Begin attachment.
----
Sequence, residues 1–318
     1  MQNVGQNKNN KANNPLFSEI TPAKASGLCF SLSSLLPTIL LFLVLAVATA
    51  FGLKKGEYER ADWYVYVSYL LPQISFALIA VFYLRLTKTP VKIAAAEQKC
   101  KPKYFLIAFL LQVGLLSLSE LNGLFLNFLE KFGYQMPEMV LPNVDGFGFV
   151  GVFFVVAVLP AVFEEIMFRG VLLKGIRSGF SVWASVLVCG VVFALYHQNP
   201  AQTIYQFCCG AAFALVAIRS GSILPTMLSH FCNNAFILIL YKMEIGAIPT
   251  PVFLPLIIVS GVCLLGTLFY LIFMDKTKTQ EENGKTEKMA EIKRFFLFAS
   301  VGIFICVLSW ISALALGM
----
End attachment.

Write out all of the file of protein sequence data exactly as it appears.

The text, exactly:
Sequence, residues 1–318
     1  MQNVGQNKNN KANNPLFSEI TPAKASGLCF SLSSLLPTIL LFLVLAVATA
    51  FGLKKGEYER ADWYVYVSYL LPQISFALIA VFYLRLTKTP VKIAAAEQKC
   101  KPKYFLIAFL LQVGLLSLSE LNGLFLNFLE KFGYQMPEMV LPNVDGFGFV
   151  GVFFVVAVLP AVFEEIMFRG VLLKGIRSGF SVWASVLVCG VVFALYHQNP
   201  AQTIYQFCCG AAFALVAIRS GSILPTMLSH FCNNAFILIL YKMEIGAIPT
   251  PVFLPLIIVS GVCLLGTLFY LIFMDKTKTQ EENGKTEKMA EIKRFFLFAS
   301  VGIFICVLSW ISALALGM